Academic journal article Journal of Family and Consumer Sciences

Sharing the Sky: The Role of Family and Consumer Sciences in Sustainability

Academic journal article Journal of Family and Consumer Sciences

Sharing the Sky: The Role of Family and Consumer Sciences in Sustainability

Article excerpt

Deep change is seen as the 'work' that must be undertaken to maintain the sky for this and future generations.

The folk tale on the opposite page, "Why Men Have to Work" (Peck, 1998), was originally told to explain why work is integral to life. This was fitting in its time, as was its gender-based language. Today it is descriptive of the finiteness and fragility of resources-non-human as well as human-and the dependency and responsibility that is integral to well-being. If used indiscriminately for the present, resources will soon be exhausted, wasted, or inaccessible. Whether one person takes more than his or her share or many take their shares of the "sky," resources are threatened, or as we frequently hear today-they are unsustainable.

Often a concept is introduced to the scientific and political sectors with extensive explanation and a breadth of viewpoints. The term or label for the concept is soon picked up by the media and becomes part of everyday language and conversation. Whether the concept becomes common knowledge or is well-understood is often questionable.

Sustainability may well be such a concept. How many people whether in their personal or professional lives have asked-What are the implications of Sustainability for:

* the family?

* consumer and producer activities?

* the community?

* the nation?

* the world?

What do we do each day that threatens or sustains the human and natural environments? Sustainability has been described as 'development to meet the needs of the present without compromising future generations' opportunities to meet their own needs (World Commission on Environment and Development, 1987). Since this definition was introduced, the concept of social equity has been added. This serves as a reminder that actions to address the means and ends of sustainability should not disadvantage or exploit some for the advantage and gain of others, in either the current or subsequent generations. It also implies that every societal unit is part of the complex system needed to achieve sustainability. Therefore, actions in one household or community do have an impact on other households and communities as resources are used or misused, developed, or left dormant. The impact may be immediate or it may be in the future.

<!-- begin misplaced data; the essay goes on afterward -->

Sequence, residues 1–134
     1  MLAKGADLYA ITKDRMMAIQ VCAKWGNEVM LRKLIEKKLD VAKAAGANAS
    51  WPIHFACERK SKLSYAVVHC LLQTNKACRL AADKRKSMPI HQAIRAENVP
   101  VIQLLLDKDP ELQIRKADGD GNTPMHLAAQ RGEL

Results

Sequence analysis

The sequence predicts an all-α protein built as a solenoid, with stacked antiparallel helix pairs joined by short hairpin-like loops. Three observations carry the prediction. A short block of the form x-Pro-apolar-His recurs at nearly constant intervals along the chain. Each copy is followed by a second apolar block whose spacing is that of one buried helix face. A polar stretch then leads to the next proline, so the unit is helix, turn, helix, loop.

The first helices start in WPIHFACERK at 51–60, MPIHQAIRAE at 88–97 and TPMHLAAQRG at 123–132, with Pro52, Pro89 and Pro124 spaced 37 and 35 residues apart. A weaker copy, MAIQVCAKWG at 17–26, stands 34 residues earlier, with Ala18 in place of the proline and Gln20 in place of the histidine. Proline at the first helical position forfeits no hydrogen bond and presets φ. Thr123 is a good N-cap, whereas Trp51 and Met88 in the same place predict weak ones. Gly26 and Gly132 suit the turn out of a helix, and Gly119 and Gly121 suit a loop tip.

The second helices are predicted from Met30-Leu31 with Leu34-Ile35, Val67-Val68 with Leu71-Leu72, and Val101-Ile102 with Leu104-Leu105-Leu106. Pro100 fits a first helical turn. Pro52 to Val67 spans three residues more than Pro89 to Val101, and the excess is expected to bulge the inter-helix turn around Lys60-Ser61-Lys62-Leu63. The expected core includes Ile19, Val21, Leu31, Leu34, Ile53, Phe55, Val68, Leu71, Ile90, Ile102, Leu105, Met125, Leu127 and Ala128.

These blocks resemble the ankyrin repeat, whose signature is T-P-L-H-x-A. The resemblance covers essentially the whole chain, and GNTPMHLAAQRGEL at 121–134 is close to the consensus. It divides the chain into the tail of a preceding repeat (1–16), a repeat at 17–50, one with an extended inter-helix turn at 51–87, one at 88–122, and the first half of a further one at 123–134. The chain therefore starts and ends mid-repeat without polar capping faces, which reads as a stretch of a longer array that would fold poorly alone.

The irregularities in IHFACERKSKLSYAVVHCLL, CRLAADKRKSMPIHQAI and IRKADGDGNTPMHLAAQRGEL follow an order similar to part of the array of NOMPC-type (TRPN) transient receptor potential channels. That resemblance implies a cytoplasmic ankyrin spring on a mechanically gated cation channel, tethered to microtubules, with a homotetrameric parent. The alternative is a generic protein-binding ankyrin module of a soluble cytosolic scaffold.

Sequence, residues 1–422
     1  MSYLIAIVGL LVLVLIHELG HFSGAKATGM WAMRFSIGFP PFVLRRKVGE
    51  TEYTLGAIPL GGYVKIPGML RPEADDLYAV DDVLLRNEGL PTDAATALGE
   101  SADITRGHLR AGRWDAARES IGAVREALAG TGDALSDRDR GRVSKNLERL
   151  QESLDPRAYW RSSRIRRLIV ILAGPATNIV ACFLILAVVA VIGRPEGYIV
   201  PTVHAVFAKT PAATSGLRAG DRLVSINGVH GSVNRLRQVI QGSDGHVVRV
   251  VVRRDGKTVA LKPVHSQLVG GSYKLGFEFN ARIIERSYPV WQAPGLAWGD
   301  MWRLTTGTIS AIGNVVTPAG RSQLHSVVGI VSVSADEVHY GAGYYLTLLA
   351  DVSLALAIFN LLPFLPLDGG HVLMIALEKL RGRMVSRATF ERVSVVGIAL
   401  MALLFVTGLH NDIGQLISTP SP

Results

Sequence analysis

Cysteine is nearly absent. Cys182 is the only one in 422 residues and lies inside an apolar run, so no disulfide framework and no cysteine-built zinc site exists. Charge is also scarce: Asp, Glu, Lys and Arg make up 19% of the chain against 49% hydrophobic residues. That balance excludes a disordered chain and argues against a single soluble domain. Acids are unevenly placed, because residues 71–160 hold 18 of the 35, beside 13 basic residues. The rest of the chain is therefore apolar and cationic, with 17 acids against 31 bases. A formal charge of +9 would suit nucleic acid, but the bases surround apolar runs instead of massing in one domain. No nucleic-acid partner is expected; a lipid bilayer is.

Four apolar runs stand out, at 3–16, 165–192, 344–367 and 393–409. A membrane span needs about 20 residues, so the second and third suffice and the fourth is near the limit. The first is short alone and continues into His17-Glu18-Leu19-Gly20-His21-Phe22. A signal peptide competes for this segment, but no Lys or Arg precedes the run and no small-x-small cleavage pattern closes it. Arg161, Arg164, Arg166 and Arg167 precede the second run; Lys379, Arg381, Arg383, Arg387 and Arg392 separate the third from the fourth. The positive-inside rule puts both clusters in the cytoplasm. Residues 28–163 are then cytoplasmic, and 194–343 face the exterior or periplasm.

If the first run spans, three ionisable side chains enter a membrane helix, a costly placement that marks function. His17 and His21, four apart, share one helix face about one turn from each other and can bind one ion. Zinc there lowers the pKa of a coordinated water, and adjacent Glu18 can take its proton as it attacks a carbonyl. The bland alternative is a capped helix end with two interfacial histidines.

Proponents of sustainability may advocate for a single action such as recycling office paper, shopping at a local farmer's market, or educating women. Practicing these behaviors does contribute to the intent of sustainability, but they are only pieces in the much larger and more complex system that must be comprehended and addressed from a holistic perspective. The implication is that changes are needed in the use and development of resources.

A systems thinking approach has been proposed as the basis to "sustain deep change" (Senge, Seville, Lovins, & Lotspeich, 2000). Deep change is seen as the 'work' that must be undertaken to maintain the sky for this and future generations. Basic shifts in practices and actions are needed to attain the goal of long-term harmony among people, their systems and enterprises, and the natural systems. To achieve sustainability, Senge et al. propose shifts intended to alter how we 'take pieces of the sky'-use resources-to ensure that the pieces taken are used with little waste or inefficiency, that producers have responsibility for extending the productive life of resources, and that restoration and sustainability of the ecosystem become common practice. This is in contrast to what often happens now with massive corrective projects intended to remedy past misuse of resources (e.g., draining of wet-lands, improper disposal of hazardous waste, incarceration for criminal behavior).

In practice and through education and research, the family and consumer sciences profession has often addressed sustainability and resource development, both human and non-human (Atiles & Cude, 2002). …

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